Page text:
Novo Nordisk prepares to swallow its rivals for breakfast

Novo Nordisk’s newest diabetes medicine needed to impress in phase III – and a first look at the data make for encouraging reading. Oral semaglutide is the most advanced GLP-1 agonist in pill form, and top-line results suggest that both efficacy and safety have held up versus injected rivals.

This will come as a relief to Novo, which is facing stiff competition in diabetes as well as increasingly muscular payers. Still, the Pioneer 1 study is only the first of 10 to report from a huge pivotal programme, and head-to-head trials versus rivals, due in the coming weeks, are arguably a more important test of the new pill (see tables below).

Hitting the primary endpoint in Pioneer 1, which was a placebo-controlled study, is an important win from a regulatory standpoint. But this is only the first step in oral semaglutide’s journey. Next to report will be trials pitting oral sema against Boehringer Ingelheim and Lilly’s SGLT2 inhibitor Jardiance and Merck & Co’s DPP-IV inhibitor Januvia – both of which are pills – and its own once-daily injectable GLP-1 agonist, Victoza.

The table below details today’s results against other therapies, and oral sema stacks up very well on efficacy. Tolerability was also encouraging – Novo said rates of nausea ranged from 5% to 16%, which compares favourably with injectable products. Victoza and Ozempic, for example, have been associated with rates of around 28% and 20% respectively.

The GLP-1 agonist class – across-trial comparison
Oral sema  Pioneer 1 (vs placebo) Ozempic  Sustain 1 (vs placebo) Victoza  Lead 3 (vs glimepiride) Trulicity  Award 3 (vs metformin)
3mg 7mg 14mg 0.5mg 1mg 1.2mg 1.8mg 0.75mg 1.5mg
HbA1c reduction 0.8% 1.3% 1.5% 1.60% 1.40% 0.80% 1.10% 0.70% 0.80%
HbA1c<7% 59% 72% 80% 73% 70% 43% 51% 63% 62%
Mean weight loss 1.7kg 2.5kg 4.1kg* 3.8kg 4.7kg 2.1kg 2.5kg 1.4kg 2.3kg
*Only 14mg reached stat sig diff vs placebo. Source: Company presentations, analyst notes.

Novo has long dominated the GLP-1 space with once-daily Victoza; Ozempic, the once-weekly injected version of semaglutide, is also expected to become a hit. Consensus has sales of Ozempic, which was launched in the US this month, soaring to $3.8bn by 2022, according to EvaluatePharma.

Lilly’s once-weekly injectable GLP-1, Trulicity, has already proven a huge success since its launch in late 2014 – sales are seen reaching $4.1bn by 2022. So, while Ozempic represents a hugely important launch for Novo in terms of catching up with Lilly on its GLP-1 offerings, oral sema provides the clear blue water.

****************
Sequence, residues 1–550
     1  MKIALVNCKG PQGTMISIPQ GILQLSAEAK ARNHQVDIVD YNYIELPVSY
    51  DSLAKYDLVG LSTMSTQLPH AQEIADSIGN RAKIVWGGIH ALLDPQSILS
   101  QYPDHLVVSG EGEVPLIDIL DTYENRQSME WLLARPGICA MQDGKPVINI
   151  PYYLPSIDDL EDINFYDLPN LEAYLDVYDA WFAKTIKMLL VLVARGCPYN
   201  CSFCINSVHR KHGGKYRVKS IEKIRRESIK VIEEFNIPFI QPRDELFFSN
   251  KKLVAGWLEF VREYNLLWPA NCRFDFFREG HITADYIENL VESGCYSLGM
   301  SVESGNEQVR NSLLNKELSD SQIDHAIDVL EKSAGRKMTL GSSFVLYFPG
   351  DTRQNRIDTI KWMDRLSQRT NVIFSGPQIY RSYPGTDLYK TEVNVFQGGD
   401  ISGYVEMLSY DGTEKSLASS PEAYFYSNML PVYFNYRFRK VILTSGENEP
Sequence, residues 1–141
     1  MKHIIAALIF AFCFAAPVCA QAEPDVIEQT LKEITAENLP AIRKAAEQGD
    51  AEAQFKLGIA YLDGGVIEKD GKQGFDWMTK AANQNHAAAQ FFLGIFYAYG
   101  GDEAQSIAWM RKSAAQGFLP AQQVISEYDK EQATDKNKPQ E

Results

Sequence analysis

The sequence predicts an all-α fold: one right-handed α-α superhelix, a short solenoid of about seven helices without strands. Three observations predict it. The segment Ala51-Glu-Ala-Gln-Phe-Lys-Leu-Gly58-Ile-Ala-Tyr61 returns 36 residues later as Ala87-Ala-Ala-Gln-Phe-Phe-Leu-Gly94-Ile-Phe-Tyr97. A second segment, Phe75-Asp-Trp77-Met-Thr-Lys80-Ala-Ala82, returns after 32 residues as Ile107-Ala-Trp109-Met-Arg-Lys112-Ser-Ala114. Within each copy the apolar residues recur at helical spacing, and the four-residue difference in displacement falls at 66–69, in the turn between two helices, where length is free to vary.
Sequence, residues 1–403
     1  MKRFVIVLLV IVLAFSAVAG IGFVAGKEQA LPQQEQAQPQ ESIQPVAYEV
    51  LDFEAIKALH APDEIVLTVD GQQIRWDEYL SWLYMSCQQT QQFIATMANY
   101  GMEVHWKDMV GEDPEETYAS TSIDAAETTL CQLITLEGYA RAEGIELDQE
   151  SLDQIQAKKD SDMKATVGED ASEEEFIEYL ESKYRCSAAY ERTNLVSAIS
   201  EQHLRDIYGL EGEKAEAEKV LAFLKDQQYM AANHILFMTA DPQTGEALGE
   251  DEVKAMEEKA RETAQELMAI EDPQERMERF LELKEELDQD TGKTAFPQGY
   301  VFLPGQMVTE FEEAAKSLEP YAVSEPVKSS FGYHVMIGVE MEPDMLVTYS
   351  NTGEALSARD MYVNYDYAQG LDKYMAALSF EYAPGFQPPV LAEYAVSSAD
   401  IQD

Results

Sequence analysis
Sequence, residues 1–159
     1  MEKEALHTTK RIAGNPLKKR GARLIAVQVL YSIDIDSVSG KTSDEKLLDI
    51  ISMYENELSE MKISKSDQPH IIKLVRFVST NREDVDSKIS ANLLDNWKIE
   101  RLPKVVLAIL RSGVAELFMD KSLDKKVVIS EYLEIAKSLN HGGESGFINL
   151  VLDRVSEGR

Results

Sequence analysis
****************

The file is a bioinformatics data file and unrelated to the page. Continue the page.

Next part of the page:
But oral sema will not only be competing with the injected GLP-1s - it brings the SGLT2s and the DPP-IVs into the picture. With many patients opting to try a pill before an injected therapy, oral sema also holds the potential to pull the GLP-1 class into earlier consideration.

Hence the importance of the upcoming side-by-side Pioneer trials which, while representing a huge risk, Novo in reality had no choice but to run. Diabetes drugs represent a huge cost to healthcare systems, and payers will be looking for reasons not to reimburse expensive, novel therapies.

Reason to worry?

Still, analysts are already pretty optimistic on oral sema – sales forecasts for 2022 stand at $889m, on the basis of a late 2020 launch.

But success depends not only on pending data; patients must also be willing to accept fairly strict administration rules. Lilly and analysts have described a dosing schedule that involves taking oral sema after at least six hours of fasting – so it would typically be taken before breakfast – with up to 100ml of water, followed by another half an hour of fasting, to ensure suffient systemic exposure of the active ingredient. Meanwhile, Novo maintains guidance will simply state “take 30 minutes before breakfast”.

Lilly, with much to lose here, has made much of this convenience aspect, and claims that compliance in the real world could harm effectiveness and put patients off.

In some cases this could certainly prove true, but comparative effectiveness and tolerabilty are surely more important. If oral sema proves itself a worthy competitor on these measures, Lilly really will have something to worry about. 

Oral semaglutide phase III trials 
Study Setting Enrolment Data due Trial ID
Pioneer 1 Vs placebo 703 Reported NCT02906930
Pioneer 2 Vs Jardiance 816 Q2  NCT02863328
Pioneer 3 Vs Januvia 1,860 Q2 NCT02607865
Pioneer 4 Vs Victoza 690 Q2  NCT02863419
Pioneer 5 Vs placebo; moderate renal impairment  324 Q3 NCT02827708
Pioneer 6 CV outcomes 3,176 Q4 NCT02692716
Pioneer 7 Flexible dose adjustment vs Januvia 500 Q2 NCT02849080
Pioneer 8 Vs placebo in insulin-treated patients 720 Q4 NCT03021187
Pioneer 9 Vs placebo or Victoza; Japanese patients  240 Q4 NCT03018028
Pioneer 10 Vs Trulicity, combination study in Japanese patients 455 Q3 NCT03015220

This story has been updated with dosing information for oral semaglutide and new timelines for the Pioneer trial readouts.

To contact the writer of this story email Amy Brown in London at or follow @ByAmyBrown on Twitter

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